Segregation didn’t vanish in the 1960s. That’s evident in Mathea Morais’ novel “There You Are,” which is about growing up in St. Louis in the 1990s. Despite legal integration, the St. Louis of the novel is an extremely segregated city, where most whites and Blacks grow up barely knowing members of the other race, making them objects of anger and fear.
In this setting, two children, one white, one Black, meet when they hide in the same enclosed slide on the playground of a mostly Black public school. Mina hides because she’s constantly teased for her odd clothes, and Octavian because he gets anxiety attacks and needs to isolate himself until his heart rate settles down. They bond over comic books. Mina learns ways to calm Octavian’s heart and Octavian helps Mina feel she has a place at the school. During the next three decades, they are separated, then come together, then separate again.
One of the places they come together is a used record store in the Loop, run by Bones, a white lover of blues music. The Loop is one of the few neighborhoods where Black and white both go to shop. The record store becomes a common meeting place, as well as a place to work, for teenagers of both races.
One of the employees, of course, is Mina; another is Octavian. This time they’re teenagers and very quickly fall in love. In doing so, they run up against the challenges and limits of bonding across the racial divide. Octavian wonders if his late mother would even approve of him dating a white girl; Mina is lectured by a policewoman for bringing a Black kid to her home.
Music figures large in the story’s resolutions, which effectively comes with its own playlist — the chapters set in Mina and Octavian’s childhood each come with their own signature songs — featuring songs by Joan Armatrading, Joni Mitchell, Ella Fitzgerald and Afrika Bambaata. As a pre-teen, Mina falls in love with Prince when she hears “Little Red Corvette,” and Bones gives her a steep discount if she’ll promise to listen to the whole album.
Morais, who is white, walks a careful line in portraying the growing bond between the two children and teenagers while not minimizing the gulf of experience that separates them. Octavian has grown up knowing that he’s always in danger from the St. Louis police, who are given to randomly pulling over and arresting Black teenagers who don’t act submissive enough. Mina has grown up around Black people and is in love with hip-hop, jazz and R&B, but she easily forgets the underlying anxiety of being Black. She does understand more than her mother, a lawyer with a hippie background, who can’t understand why it’s racist when she tells Octavian he’s smart to major in art, which “his people” are good at, instead of trying to be a nerd like white people!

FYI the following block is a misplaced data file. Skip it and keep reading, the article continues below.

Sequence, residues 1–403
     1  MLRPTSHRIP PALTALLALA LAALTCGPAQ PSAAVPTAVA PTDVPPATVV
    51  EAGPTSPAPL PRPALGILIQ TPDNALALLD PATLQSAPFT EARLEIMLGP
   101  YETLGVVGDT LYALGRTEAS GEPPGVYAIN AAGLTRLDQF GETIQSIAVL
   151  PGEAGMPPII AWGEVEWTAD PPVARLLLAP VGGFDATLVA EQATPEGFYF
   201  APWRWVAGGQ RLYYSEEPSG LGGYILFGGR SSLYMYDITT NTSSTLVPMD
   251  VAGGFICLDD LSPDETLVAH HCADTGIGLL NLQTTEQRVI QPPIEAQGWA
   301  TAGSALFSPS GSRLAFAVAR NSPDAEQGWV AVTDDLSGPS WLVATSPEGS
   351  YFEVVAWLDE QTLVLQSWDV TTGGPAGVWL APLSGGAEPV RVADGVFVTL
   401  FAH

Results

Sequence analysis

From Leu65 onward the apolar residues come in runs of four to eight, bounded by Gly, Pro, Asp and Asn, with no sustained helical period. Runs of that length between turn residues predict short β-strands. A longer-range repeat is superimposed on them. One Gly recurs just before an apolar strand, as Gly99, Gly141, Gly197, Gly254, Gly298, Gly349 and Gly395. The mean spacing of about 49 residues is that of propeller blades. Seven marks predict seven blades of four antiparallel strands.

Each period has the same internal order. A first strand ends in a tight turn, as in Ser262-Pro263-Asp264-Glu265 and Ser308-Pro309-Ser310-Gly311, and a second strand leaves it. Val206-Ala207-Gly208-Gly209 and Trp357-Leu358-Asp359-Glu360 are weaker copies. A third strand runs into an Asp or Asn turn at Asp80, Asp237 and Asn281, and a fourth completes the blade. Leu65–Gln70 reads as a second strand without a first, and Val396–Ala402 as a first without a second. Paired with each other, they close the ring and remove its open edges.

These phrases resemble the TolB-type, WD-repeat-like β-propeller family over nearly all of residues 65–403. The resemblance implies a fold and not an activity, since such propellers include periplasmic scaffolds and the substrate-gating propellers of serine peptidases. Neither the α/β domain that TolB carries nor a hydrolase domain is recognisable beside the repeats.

In a memorable scene, Mina and Octavian have an argument at Mina’s house. She runs inside, leaving him alone in the front yard. It’s after dark, and Octavian realizes that he cannot walk home through her white neighborhood — he’s too much at risk of being arrested for walking while Black. He’s forced to explain to an angry Mina why he needs a ride from her, something he would never have had to explain if she wasn’t white.
Author Morais leaves unanswered the question of whether love can overcome the gulf between Octavian and Mina. The closest she gets is when Mina’s Black friend Clarissa first says “you’ll never know what the world looks like through eyes that aren’t white, just like I won’t know what the world looks like through eyes that aren’t black” but later admits, speaking of love between two people, “as much as this matters, it’s not all that matters.”
“There You Are,” in spite of its unexciting title, tells an interesting and timely story. As Mina and Octavian grow up, the issues that are private in their youth become public when the police kill Michael Brown and protests erupt in Ferguson, which is a suburb of St. Louis. The characters ring true, both in their ambivalence toward each other and in the bond they form in spite of their differences. In fact, the only piece of the story that doesn’t ring quite true is an abusive relationship that Mina gets into after Octavian turns away from her; it seems possible, but not well enough developed.
What does seem true is the power of music to bring people together. Morais modeled Bones’ store after a real record store in St. Louis, and it would be interesting to know if that store had a similar effect on the people around it. The feel of music of all kinds — jazz, classic rock, soul, hip-hop, blues — suffuses the narrative and gives resonance and a kind of joy to it, even in the most fraught moments.
“There You Are” is Morais’ first novel; it will be interesting to read what she does next.
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